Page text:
The Ministry of Agriculture, Fisheries and Food has powers to deal with extreme situations like animal and plant disease. Those powers appear to be perfectly adequate for the purpose. When we come to highways, to which the noble Lord, Lord Roberts, referred, Section 14 of the Road Traffic Regulation Act 1984 empowers highway authorities temporarily to restrict or prohibit the use of any road because of works executed on or near it, or because of the likelihood of danger to the public. I sympathise with the noble Lord, Lord Northbourne, in wishing that those responsible would not do it as much as they do. But the powers exist. These temporary diversion powers--I must make this point because it has not been made--are powers that exist without the approval of the authority. These are additional new powers to the existing powers of diversion. My answer to the noble Earl, Lord Peel, is that the regulations will be made by the Secretary of State. It is necessary that these new diversion powers are viewed in the context of existing powers and that the original proposals did not include a right of appeal for Section 135 procedures.
There is no right of appeal against temporary diversions because there is no approval required from the local authority. We think that these additional powers go a long way towards providing the flexibility which land managers have been seeking.
It is right, therefore, to be cautious about the extent of further provisions which impact on the public's use of rights of way. We do not consider that temporary diversions would be appropriate for prolonged operations such as crop growing. We shall consult on the operations to be included in the regulations. But I do not want to start negotiations on that now. However, these new provisions might be appropriate for some of the items listed by the noble Lord, Lord Glentoran; for example, crop spraying, thinning woodland, moor burning and repairing eroded paths.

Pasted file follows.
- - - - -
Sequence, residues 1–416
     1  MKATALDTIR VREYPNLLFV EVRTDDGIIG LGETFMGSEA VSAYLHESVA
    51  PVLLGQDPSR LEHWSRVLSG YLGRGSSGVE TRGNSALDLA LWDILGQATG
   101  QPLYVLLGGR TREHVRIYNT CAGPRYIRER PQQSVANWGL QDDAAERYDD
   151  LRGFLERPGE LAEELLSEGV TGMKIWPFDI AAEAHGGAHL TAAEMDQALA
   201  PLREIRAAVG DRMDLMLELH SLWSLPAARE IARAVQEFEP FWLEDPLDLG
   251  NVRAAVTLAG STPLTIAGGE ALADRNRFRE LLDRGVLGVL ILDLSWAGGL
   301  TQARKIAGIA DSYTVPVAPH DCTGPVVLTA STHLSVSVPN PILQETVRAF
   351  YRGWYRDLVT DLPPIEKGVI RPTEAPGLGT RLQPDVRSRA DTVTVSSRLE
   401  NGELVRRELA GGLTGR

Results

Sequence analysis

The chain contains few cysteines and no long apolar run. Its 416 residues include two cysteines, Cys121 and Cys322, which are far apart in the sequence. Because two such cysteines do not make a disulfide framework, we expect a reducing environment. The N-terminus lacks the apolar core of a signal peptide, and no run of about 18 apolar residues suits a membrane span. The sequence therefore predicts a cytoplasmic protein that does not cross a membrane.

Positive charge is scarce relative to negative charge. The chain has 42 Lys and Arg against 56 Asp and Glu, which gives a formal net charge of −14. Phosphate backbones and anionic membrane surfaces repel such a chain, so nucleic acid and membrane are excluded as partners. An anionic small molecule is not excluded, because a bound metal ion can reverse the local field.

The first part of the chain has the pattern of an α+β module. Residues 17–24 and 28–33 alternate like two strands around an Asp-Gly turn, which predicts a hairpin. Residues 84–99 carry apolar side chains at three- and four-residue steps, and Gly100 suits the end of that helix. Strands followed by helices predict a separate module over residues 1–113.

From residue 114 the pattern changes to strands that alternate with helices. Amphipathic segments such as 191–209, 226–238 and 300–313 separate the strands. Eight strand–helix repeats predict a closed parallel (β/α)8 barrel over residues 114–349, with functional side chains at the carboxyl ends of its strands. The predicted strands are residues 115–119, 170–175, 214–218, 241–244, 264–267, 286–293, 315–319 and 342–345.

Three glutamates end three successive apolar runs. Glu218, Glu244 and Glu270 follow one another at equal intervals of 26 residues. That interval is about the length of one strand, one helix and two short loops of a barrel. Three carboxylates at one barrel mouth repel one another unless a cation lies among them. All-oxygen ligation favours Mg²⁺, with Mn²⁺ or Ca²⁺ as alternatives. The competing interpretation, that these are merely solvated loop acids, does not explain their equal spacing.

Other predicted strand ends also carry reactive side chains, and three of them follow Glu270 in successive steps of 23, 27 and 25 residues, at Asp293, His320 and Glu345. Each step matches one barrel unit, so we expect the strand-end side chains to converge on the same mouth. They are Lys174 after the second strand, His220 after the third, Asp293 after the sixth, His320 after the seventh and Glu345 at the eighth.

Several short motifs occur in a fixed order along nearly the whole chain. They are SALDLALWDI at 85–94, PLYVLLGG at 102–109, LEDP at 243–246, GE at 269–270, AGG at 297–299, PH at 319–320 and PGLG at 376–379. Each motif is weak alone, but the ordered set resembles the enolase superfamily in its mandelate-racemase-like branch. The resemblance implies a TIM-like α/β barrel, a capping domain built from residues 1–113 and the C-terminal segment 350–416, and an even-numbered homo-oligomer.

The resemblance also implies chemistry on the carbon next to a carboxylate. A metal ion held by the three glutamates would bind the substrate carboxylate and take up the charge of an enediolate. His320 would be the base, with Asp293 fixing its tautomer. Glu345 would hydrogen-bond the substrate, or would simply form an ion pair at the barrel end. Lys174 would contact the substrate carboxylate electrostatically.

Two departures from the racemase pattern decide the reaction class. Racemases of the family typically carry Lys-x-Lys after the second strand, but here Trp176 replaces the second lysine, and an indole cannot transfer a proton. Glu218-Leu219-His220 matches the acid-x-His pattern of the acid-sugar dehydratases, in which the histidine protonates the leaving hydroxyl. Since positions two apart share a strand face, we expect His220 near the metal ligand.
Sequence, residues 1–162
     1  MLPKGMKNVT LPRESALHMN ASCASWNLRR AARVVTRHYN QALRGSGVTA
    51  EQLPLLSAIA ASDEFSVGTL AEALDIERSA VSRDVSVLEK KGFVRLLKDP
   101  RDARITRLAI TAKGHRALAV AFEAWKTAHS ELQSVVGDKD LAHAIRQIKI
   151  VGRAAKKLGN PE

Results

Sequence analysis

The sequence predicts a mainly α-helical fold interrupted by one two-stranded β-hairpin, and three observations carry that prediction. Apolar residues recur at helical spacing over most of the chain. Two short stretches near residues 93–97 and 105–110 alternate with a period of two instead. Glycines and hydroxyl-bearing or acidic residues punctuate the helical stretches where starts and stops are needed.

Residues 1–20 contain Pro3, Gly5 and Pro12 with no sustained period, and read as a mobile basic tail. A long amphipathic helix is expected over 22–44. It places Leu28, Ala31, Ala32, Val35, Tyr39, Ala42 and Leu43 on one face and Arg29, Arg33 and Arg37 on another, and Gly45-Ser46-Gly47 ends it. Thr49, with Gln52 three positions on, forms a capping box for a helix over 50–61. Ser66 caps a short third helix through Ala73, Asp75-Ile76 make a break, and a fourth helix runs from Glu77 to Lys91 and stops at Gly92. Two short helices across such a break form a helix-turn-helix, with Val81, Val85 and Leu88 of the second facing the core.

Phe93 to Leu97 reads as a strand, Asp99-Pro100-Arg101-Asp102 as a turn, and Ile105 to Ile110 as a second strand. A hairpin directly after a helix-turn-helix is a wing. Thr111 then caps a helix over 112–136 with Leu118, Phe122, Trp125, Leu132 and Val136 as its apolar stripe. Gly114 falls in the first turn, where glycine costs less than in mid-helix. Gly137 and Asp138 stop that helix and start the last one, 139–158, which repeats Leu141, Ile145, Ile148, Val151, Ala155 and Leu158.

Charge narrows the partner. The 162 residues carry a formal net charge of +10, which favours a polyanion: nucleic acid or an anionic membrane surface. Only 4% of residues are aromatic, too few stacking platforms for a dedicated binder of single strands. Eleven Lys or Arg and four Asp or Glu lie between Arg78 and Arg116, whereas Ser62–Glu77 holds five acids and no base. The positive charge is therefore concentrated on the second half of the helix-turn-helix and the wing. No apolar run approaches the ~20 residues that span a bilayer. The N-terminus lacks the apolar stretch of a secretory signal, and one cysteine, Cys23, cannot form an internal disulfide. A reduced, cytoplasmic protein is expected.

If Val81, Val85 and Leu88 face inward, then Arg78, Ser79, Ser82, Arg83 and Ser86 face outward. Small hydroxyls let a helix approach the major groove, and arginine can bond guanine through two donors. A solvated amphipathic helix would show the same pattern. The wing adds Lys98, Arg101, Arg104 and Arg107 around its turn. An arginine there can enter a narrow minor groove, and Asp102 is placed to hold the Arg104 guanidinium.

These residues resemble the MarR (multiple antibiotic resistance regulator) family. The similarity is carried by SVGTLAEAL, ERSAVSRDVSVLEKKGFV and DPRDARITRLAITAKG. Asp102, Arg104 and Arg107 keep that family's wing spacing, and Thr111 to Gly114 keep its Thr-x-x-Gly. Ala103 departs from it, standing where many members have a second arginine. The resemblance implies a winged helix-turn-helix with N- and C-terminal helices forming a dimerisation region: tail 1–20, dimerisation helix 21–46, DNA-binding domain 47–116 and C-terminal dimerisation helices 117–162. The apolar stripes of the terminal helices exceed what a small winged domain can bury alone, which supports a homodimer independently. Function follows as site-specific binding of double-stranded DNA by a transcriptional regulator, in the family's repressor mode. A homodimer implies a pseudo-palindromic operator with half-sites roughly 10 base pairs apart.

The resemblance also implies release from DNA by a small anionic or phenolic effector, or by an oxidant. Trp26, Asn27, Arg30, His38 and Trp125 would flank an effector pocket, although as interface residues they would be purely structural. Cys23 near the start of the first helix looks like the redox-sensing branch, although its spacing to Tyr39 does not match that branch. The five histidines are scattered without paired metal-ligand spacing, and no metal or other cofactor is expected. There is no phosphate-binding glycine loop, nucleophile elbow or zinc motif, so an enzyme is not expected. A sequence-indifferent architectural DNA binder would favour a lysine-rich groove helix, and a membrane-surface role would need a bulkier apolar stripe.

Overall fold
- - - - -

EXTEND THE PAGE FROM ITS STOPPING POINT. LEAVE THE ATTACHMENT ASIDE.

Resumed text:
In almost every respect noble Lords underestimate the way in which additional flexibility and additional powers to landowners are given in the Bill. The additional flexibility has to be tempered. There has to be a balance between the needs of the land manager and the rights of the public. The requirements in the Bill for publicity and signposting are as much in the interest of the occupier of the land as the public. It will be for land managers to decide in each case whether they need to divert a path or whether they can work around it, which at the moment many of them do.
Therefore, I must resist Amendment No. 410. On the issue of the five days, I believe that 28 days is too much for this additional provision. I am willing to consider whether a modest extension to the five days